Jenan said the tuition she received the course was instrumental in the way she tackled the piece.

“I’d love to see more long-form journalism in the mainstream Australian media, and this is the type of journalism I hope to be able to do in future,” she said.

Tiffany Korssen's entry has been shortlisted in the Quills.
Tiffany Korssen’s entry has been shortlisted in the Quills.

Tiffany’s article, Suicide Survivors Left in the Lurch, revealed the lack of treatment and care available for suicide survivors that captured the personal experiences of those concerned.

Tiffany said she wrote the article for her  investigative reporting subject with Monash senior lecturer Bill Birnbauer last semester.

“It was an amazing experience and taught me so much about coming up with original ideas and researching,” Tiffany said.

“I’ve learned I love interviewing as a method of research. The process also confirmed to me how passionate I am about journalism.”

Tiffany said being shortlisted for the Quill was an unexpected honour.

“Reading the other shortlisted entries has opened my eyes to the possibilities of the craft and has motivated me to continue to look for stories and be creative in how I deliver them to my audience,” she said.

“I’m really excited about attending the awards dinner and can’t wait for what the rest of the course is going to bring.”

The other two Quills student finalists are Julie Milland, of Melbourne University, for The Trials and Tribulations and Michael Walsh, of RMIT University, for The Shardy Crew.

The Quill winner will receive a $3000 prize and will enjoy work experience and mentoring opportunities at major media outlets.


Where are the women in radio?

Emma Nobel has produced Where are the Women?
Emma Nobel has produced Where are the Women?

Monash journalism Honours graduate Emma Nobel has produced an intriguing radio documentary, Where are the Women?, which was aired on Sydney-based FBi Radio’s All The Best on Saturday, March 7.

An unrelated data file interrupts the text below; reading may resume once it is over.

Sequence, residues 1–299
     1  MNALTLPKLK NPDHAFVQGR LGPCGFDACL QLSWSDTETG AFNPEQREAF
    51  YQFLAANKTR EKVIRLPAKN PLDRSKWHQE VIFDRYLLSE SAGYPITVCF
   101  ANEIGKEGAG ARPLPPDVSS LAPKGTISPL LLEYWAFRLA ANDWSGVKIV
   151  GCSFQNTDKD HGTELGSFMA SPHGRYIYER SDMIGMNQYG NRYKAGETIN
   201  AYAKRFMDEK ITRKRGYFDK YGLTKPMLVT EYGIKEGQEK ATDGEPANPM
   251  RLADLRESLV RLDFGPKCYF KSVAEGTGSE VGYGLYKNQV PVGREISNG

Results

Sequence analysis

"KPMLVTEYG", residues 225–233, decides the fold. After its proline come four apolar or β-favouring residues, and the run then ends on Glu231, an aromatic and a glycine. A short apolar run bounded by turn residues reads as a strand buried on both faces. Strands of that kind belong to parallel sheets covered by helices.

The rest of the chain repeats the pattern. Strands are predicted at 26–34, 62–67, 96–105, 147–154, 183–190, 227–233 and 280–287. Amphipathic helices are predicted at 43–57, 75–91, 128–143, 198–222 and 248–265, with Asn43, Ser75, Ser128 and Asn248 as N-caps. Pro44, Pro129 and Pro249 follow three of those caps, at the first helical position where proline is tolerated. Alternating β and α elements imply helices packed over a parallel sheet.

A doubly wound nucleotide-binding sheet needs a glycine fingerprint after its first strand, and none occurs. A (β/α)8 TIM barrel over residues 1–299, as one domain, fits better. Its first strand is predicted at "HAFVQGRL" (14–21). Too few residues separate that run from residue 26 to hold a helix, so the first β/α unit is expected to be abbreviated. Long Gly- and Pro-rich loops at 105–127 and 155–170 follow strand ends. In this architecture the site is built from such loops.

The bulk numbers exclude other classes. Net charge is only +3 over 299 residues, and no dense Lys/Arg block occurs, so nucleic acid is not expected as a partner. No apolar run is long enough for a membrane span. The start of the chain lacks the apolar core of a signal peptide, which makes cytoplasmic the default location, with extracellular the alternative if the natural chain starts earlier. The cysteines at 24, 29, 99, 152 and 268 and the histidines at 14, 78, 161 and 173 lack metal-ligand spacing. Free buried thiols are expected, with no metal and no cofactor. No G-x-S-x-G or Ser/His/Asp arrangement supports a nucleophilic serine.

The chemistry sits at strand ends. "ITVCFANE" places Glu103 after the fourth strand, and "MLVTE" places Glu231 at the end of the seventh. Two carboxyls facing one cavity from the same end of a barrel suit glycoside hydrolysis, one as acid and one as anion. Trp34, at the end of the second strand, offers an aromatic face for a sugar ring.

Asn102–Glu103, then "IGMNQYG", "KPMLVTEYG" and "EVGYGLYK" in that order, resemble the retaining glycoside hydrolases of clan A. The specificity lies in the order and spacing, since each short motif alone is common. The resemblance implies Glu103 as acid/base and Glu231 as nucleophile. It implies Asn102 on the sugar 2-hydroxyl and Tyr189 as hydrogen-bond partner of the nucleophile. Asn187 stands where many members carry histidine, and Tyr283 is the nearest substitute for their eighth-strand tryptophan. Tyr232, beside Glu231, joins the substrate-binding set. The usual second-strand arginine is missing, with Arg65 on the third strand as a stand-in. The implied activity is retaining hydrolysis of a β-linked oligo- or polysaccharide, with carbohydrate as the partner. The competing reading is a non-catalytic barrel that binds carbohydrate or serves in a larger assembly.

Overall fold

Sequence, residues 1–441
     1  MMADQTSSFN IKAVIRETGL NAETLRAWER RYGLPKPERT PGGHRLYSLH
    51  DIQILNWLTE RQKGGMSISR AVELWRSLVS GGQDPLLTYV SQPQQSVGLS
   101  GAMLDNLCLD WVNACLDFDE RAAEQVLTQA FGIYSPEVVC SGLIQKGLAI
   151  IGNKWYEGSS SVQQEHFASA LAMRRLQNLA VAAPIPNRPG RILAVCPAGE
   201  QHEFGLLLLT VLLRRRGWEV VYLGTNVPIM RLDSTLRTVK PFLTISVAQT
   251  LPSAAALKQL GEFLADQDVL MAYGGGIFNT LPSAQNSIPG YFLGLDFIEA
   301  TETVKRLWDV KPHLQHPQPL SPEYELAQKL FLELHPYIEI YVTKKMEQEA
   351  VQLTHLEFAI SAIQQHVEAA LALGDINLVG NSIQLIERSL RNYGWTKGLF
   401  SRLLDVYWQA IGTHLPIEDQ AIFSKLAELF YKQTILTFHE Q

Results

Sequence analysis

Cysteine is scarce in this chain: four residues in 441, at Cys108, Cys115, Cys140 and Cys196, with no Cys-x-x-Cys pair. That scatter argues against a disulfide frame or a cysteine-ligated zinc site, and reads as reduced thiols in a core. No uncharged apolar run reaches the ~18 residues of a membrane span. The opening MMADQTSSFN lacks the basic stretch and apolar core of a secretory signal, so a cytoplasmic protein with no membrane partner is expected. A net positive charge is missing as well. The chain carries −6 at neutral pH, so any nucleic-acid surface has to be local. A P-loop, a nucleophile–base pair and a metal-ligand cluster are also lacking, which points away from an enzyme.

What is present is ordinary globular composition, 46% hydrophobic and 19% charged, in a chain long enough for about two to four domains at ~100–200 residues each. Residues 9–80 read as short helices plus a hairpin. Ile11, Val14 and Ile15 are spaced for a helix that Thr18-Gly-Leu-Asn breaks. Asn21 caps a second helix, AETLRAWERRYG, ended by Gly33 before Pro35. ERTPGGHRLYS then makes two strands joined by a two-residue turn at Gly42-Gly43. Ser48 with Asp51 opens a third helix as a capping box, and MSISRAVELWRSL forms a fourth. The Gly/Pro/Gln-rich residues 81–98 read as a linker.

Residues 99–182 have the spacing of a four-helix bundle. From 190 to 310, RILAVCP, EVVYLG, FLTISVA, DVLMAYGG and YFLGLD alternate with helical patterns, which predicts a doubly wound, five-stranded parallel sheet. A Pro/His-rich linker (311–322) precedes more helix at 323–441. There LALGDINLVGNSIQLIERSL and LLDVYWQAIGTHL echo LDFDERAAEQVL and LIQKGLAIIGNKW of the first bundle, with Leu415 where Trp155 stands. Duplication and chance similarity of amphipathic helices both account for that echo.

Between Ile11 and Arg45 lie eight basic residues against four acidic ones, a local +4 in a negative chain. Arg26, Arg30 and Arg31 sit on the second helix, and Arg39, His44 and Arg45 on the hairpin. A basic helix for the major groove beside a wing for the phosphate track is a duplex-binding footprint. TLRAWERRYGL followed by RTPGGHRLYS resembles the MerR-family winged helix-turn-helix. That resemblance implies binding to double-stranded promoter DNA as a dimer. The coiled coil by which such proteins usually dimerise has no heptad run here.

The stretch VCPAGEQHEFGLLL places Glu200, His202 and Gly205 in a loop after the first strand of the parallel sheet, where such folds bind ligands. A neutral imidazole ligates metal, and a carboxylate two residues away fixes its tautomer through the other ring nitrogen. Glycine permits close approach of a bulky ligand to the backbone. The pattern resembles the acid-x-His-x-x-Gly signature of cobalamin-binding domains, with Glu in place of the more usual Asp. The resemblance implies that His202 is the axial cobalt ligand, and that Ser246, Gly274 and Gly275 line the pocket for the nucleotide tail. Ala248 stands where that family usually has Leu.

Emma’s practice-based project was submitted with an accompanying exegesis. All The Best is an influential radio documentary program in Australia starting careers of a new generation of audio producers now at ABC Radio National and independent media projects.

Emma’s Honours supervisor, MFJ Head of School Associate Professor Mia Lindgren, said the radio documentary examined why there were so few female radio presenters on Melbourne radio.

“Emma interviewed leading radio broadcasters Jon Faine and Neil Mitchell about the lack of female radio voices,” Associate Professor Lindgren said.

Emma is keen for the dialogue about the lack of female radio voices to continue.

“Why don’t we hear more women on the radio? It’s a debate that’s been raging in Australia since the medium was introduced to our shores, but comparatively little academic research about the topic exists,” Emma said.

“The radio industry has neglected to pay close attention to the lack of women on air. As someone who wants to work in radio, I do wonder why there are so few female broadcasters in Australia and whether being female will be an obstacle in my own career.”

All the Best: Where are the Women?

Emma said many of the interviews suggested those in the industry felt that individual, rather than systematic, factors were seen to negatively impact women’s careers.

“Men dominated in all on-air positions across all stations in all timeslots every day of the week, though the findings may have been different had I been following this project during summer,” Emma said.

“ABC 774 often has women ‘fill in’ for their male colleagues while they are on holiday. Women were seen to be over-represented in ‘supporting’ production roles.”

Emma said her interviews with broadcasters across commercial, public and community radio, gave her a unique view of the industry.

“It was an eye-opening experience that allowed me an insight into the industry I want to work in, as well as unparalleled access to the broadcasters themselves,” she said.

“You bet I asked about getting a foot in the door! I was thrilled that All The Best included the documentary as part of their International Women’s Day special.”


Alana awarded Pulliam Journalism Fellowship

Alana Mitchelson has been awarded the Pulliam Journalism Fellowship.
Alana Mitchelson has been awarded the Pulliam Journalism Fellowship.

Monash journalism student Alana Mitchelson has been awarded the Pulliam Journalism Fellowship at the Indy Star in Indianapolis.

Alana is one of 10 fellows to be awarded the prestigious fellowship, which attracts applicants worldwide.

The fellowship involves a 10-week paid placement in the Indy Star newsroom and also attending writing workshops and seminars conducted by journalism experts.

Alana, who recently won the Sir Keith Murdoch Journalism Scholarship and completed a three-month paid internship at the Herald Sun, said she had hoped to work as a reporter overseas.

“I have had my heart set on undertaking an overseas reporting trip for some time as I wanted to develop a broader perspective of the journalism industry before seeking full-time work in Melbourne,” Alana said.